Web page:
Bullying is behavior that's intentionally hurtful and repetitive, not a one-time act. It ususally involves a child with greater physical or social power dominating a child with less. Bullying can take several forms: Physical (e.g., hitting, shoving, tripping). Verbal (e.g., name-calling, insults) Psychological (e.g., rumors, humiliation, social exclusion).
Cyberbullying is when someone uses computers, cell phones, and other electronic devices to send abusive or threatening messages, spread rumors, or post embarassing images. Cyberbullies may start online "hate campaigns" against their victims or send messages supposedly from the victims.
The Scop of the Problem
Bullying is a serious problem linked to teen and preteen suicide as well as school shootings. Research shows that 15-25% of U.S. students are bullied with some frequency. A reported 15-20% of U.S. students admit they bully others. Only 25-50% of children talk to an adult about being bullied.
Who Is Affected?
Common targets of bullying are shy and anxious youth with few or no friends. The most likely kids to be bullied are those who are gay or believed to be gay. However, bullying affects nearly all children. Research shows that 85% of youth witness school bullying incidents. This can cause fear, sadness, powerlessness, and guilt for the bystanders, or may influence them to bully others.
How To Protect Your Kids
* Find out if their schools have bully-prevention programs and/or procedures. If so, learn about
* Role-playing bullying scenarios. Teach your kids how to stay calm and walk away from the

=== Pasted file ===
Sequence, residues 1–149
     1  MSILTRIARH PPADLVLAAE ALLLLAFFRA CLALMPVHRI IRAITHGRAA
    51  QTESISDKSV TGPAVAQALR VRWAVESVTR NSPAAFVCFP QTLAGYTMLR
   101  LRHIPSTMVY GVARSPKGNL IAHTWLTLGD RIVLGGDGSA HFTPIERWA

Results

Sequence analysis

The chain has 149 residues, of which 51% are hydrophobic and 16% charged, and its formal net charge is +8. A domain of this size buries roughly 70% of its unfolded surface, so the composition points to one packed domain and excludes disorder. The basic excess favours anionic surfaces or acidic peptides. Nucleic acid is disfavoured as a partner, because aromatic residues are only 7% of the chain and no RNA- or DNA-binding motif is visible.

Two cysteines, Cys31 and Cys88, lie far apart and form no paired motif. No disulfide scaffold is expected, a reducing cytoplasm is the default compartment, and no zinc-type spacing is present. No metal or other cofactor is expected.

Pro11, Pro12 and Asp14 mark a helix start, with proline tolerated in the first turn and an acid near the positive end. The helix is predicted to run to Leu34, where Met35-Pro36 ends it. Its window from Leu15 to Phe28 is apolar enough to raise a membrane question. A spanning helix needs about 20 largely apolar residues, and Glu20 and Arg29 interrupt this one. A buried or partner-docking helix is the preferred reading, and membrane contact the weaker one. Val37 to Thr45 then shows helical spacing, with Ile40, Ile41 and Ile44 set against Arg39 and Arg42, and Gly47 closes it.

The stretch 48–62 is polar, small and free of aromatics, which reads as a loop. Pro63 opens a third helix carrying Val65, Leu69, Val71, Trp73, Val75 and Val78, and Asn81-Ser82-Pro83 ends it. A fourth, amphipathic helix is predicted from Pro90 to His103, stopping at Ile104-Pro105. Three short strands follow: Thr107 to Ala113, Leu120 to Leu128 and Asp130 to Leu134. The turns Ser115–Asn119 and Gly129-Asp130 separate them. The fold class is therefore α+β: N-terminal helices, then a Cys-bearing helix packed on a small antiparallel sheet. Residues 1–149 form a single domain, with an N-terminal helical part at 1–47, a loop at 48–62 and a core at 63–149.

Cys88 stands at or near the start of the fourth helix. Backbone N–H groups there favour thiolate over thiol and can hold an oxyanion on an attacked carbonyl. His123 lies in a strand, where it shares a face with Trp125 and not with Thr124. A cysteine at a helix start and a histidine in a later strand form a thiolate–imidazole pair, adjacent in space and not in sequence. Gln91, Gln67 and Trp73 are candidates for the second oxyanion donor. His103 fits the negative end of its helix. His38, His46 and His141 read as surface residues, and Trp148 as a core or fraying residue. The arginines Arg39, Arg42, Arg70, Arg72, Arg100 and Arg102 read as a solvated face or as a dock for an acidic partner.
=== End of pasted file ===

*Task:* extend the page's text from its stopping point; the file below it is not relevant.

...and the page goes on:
* Advise your kids to avoid bullies by sitting near the bus driver on the bus, walking to and from
school or with a buddy, staying in areas with other students and adults around, and not using
the bathroom locker room alone, if possible.
* Make sure your kids use the privacy settings on social networking sites such as Facebook, only
"friend" people they know and trust, and never give out their passwords to anyone but you.
What to Do If Kids Have Been Bullied
* Take their complaints seriously.
* If the bullying happened at school, contact the teacher or school administration. Confronting
the bully yourself may worsen the problem.
* Ask the teacher to find out if other adults witnessed the bullying.
* In case of cyberbullying, save all communications from the bully but block further messages
and change your child's contact info if necessary. Report the incident to the service provider
and your child's school. Contact the police if you feel your child is in dange.
A Matter of Life or Death
If you suspect your child feels depressed, andgry, or isolated due to bullying, or has thoughts of suicide or violence, seek counseling for your child right away.
Is Your Child A Bully?
Common traits of bullies include being: impulsive *quick-tempered* easily frustrated * dominant* lacking in empathy* reluctant to follow rules* If boys, physically stronger than their peers.
Children who bully others are more likely to: get into frequent fights* be injured in a fight * vandalize or steal property * drink alcohol * smoke * carry a weapon * skip school * drop out of school. If you suspect your child is a bully, share your concerns with your child's teacher, school counselor, or principal. If your child needs additional help, consult a mental health professional.
Talk with you child as well. Set clear rules about not bullying and enforce them.